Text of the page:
Following Römer, Diana Edelman's “The ‘Empty Land’ as a Motif in City Laments” considers the relationship between the ideology of the “empty land” found within both ancient Near Eastern writings and biblical texts concerning the fall of Jerusalem. Contra R. P. Carroll’s conclusion that the theme of the empty land was connected to Israel’s covenant theology, Edelman contends that the use of this motif was dependent rather on the familiarity of Judean scribes with the Mesopotamian city-lament genre surrounding the destruction and restoration of a specific city. The hyperbole of the empty land present in the biblical laments therefore stemmed from the ideological heritage of Mesopotamia in which a specific locale was to be barren before restoration activity could begin.
Continuing with comparative research between biblical and Mesopotamian sources, Christophe Nihan explores the relationship between myth and history within the writings of P in his study “L’écrit sacerdotal entre mythe et histoire.” Locating P within a Mesopotamian context, Nihan argues for an understanding of the genre of P’s narratives as dependent upon Mesopotamian sources, a genre he terms “historicizing myth” (189).
Following Nihan, Jean-Daniel Kaestli also focuses on a specific sub-genre of historiography, that of apocalyptic historiography in the Book of Daniel, in his essay “Les rapports entre apocalyptique et historiographie: réflexions à partir du livre de Daniel.” Kaestli concludes that the historiography in Daniel is written with an awareness of a number of historiographical practices, including that of the Hellenistic powers against which the book is composed and the tradition of the author’s own community.
The final three essays within the section are devoted to texts outside of the biblical corpus. The first, “L’histoire d’Israël dans les fragments d’Eupolème” by Thomas Naef, explores the historiography of Eupolemus present in the fragments of Eupolemus’ writings preserved by other sources. George Brooke, in his “Types of Historiography in the Dead Sea Scrolls,” raises the interesting question as to why “historical” books like the Deuteronomistic History or Ezra-Nehemiah are so poorly represented among the wealth of Qumran documents. Rather than drawing on the dominant historical tradition, Brooke maintains that the sectarian community employed historiography for theological and eschatological purposes, “assisting in identifying more precisely God’s plans …” (230). Lastly, Philip Alexander writes on the Targum’s assessment of the Hasmoneans in Jewish history, focusing specifically on Targum Canticles 6:7–12 in his “From Poetry to Historiography: The Image of the Hasmoneans in Targum Canticles and the Question of the Targum’s Provenance and Date.”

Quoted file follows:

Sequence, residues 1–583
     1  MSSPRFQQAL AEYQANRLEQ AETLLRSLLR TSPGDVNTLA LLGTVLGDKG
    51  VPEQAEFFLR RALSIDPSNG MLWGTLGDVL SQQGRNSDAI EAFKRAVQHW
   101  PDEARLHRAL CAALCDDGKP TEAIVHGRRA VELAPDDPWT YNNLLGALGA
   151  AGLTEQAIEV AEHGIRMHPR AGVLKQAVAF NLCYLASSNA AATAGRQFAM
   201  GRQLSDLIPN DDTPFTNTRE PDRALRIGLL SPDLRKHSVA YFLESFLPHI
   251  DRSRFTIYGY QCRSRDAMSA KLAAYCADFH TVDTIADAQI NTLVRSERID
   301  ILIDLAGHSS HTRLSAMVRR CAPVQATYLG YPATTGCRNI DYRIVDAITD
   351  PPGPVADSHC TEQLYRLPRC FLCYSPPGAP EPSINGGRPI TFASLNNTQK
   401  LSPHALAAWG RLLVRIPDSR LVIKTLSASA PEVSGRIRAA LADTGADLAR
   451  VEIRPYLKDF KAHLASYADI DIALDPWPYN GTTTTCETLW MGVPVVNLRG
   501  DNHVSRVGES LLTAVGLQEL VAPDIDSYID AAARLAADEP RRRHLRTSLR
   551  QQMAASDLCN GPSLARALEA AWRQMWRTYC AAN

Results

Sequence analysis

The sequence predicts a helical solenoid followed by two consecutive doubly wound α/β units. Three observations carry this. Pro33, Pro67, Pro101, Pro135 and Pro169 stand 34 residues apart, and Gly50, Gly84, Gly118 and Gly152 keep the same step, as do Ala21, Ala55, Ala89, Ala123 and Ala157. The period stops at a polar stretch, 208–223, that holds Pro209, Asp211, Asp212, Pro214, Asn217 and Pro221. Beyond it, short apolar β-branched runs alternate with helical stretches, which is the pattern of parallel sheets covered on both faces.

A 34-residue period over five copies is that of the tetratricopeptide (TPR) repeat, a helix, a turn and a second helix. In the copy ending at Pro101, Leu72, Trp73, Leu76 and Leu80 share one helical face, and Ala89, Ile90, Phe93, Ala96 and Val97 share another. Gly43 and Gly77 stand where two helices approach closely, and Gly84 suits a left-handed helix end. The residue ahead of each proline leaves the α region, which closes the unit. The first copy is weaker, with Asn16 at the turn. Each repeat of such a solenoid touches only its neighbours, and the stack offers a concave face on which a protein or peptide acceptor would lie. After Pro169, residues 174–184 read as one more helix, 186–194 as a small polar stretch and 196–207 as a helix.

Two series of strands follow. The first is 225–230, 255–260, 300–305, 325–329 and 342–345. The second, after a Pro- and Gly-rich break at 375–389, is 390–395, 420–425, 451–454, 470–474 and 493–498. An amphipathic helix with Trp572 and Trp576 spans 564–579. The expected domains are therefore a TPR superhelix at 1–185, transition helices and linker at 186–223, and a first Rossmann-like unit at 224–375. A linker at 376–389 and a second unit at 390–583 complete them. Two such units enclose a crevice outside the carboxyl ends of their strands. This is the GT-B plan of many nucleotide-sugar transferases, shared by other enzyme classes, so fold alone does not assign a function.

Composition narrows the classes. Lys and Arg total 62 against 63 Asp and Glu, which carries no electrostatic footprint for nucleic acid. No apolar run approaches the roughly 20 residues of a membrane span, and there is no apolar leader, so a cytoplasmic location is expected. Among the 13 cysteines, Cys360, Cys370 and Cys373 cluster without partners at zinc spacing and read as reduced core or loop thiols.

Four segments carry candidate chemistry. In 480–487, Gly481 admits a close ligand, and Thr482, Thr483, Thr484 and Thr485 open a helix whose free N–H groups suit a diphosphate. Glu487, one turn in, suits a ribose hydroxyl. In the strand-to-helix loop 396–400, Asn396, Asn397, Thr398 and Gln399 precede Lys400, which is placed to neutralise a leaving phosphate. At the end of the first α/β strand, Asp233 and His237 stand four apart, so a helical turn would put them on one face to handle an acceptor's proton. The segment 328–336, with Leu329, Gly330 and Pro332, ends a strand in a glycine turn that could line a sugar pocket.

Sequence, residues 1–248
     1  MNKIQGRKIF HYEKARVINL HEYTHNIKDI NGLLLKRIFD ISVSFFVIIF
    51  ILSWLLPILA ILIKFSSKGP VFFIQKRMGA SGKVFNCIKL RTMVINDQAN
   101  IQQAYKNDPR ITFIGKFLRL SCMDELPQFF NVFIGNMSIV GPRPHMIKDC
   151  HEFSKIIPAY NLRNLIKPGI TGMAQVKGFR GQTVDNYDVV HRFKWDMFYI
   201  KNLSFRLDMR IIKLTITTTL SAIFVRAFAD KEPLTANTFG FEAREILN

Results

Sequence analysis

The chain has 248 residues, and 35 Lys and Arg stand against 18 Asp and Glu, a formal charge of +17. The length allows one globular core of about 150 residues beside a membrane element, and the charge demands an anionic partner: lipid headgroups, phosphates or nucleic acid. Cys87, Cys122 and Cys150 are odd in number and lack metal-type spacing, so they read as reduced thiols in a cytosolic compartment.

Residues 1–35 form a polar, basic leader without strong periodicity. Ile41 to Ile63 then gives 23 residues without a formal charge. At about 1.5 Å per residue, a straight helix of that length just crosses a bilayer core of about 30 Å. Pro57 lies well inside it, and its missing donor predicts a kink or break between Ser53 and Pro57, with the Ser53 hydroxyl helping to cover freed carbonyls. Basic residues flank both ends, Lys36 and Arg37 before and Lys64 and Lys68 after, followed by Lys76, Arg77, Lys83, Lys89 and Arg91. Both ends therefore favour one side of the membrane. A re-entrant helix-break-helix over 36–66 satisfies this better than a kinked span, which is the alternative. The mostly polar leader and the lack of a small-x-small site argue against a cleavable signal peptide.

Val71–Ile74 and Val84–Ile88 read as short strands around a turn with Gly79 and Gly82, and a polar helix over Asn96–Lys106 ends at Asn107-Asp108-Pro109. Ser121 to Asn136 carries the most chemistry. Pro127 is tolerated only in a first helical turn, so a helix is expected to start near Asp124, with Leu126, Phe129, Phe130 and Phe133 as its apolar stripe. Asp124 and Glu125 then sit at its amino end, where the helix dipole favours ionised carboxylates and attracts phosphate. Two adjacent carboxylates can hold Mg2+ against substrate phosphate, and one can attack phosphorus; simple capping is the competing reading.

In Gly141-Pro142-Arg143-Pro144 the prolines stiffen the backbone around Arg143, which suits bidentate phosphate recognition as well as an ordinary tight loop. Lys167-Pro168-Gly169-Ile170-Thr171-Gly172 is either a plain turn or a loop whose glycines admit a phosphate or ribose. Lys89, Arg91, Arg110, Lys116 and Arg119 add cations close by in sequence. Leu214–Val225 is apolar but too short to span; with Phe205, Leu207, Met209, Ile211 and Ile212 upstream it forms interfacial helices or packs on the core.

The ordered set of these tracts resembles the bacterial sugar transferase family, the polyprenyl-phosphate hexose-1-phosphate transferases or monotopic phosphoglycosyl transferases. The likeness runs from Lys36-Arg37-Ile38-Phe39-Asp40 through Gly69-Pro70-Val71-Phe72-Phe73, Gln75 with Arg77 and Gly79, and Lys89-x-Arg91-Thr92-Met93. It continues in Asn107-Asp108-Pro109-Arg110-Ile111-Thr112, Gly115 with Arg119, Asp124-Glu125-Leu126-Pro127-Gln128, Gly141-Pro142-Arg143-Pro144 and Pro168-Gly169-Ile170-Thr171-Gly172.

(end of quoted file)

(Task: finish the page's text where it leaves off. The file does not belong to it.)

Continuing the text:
The final section of the volume offers five essays on the historiography of the early Christian period. A common theme in these studies is the relationship between early Christian writers and their Greco-Roman contemporaries, particularly the differences and similarities between the historiographical practices of the two traditions. Peter Oakes begins this portion of the volume with his observations of social-political pressures that influenced Greco-Roman historiography, and possibly ancient history in general, in his “Honour, Dishonour and Legitimation: Some Factors Shaping Ancient Historical Writing.” A comparison between Christian and Greek Historiography (namely, Herodotus and Thucydides) continues in Loveday Alexander’s “Marathon or Jericho? Reading Acts in Dialogue with Biblical and Greek Historiography. Alexander asserts that Luke decidedly follows the biblical historiographic tradition over against that of the Greek historians. A third comparative essay comes from Daniel Marguerat in “Jewish and Christian Understandings of the Fall of Jerusalem: Conflicting Interpretations of a Historical Event.” Marguerat explores the event of the fall of Jerusalem from three different lenses, that of Roman, Jewish, and Christian sources, noting that, where the Rabbinic sources viewed themselves as an intricate component involved with the reasons behind the destruction, Christian writers, such as the author of Matthew, viewed themselves as outsiders to the event.
The final two contributions in the section consider more pointedly the historical methodology of New Testament authors. Valérie Nicolet Anderson, in her “Une relecture paulinienne de l’histoire d’Israël,” embarks on an analysis of Paul’s use of history in Romans 9–11, noting that Paul does not attempt to rewrite history in these chapters but rather highlights certain episodes in order to offer a new understanding of Israel’s past. Lastly, Emmanuelle Steffek explores the tendency to move from historiography to hagiography regarding the figure of Peter within the Acts of the Apostles to the Acts of Peter in his “Comment on refait l’histoire: La figure de Pierre entre histoire et hagiographie (Actes de apôtres et Actes de Pierre).”
The broad and diverse perspectives that serve as the volume’s strength also, in the end, contribute to its weakness: namely, the absence of a unifying historical topic or critical issue among the many potential concerns regarding ancient historiography. Without such a focus, and a corresponding dialogue between the contributors over a specific theme, the reader is left without a definitive sense of where the volume is moving the scholarly conversation. Nevertheless, the volume is marked by a number of rich essays that, along with the recent volumes edited by Patricia Kirkpatrick and Timothy Goltz (The Function of Ancient Historiography in Biblical and Cognate Studies, 2008), H. G. M. Williamson (Understanding the History of Ancient Israel, 2007), and Erhard Blum et al. ( Das Alte Testament: Ein Geschichtsbuch?, 2005), attest to the vibrancy of contemporary studies devoted to ancient history and historiography within international scholarship.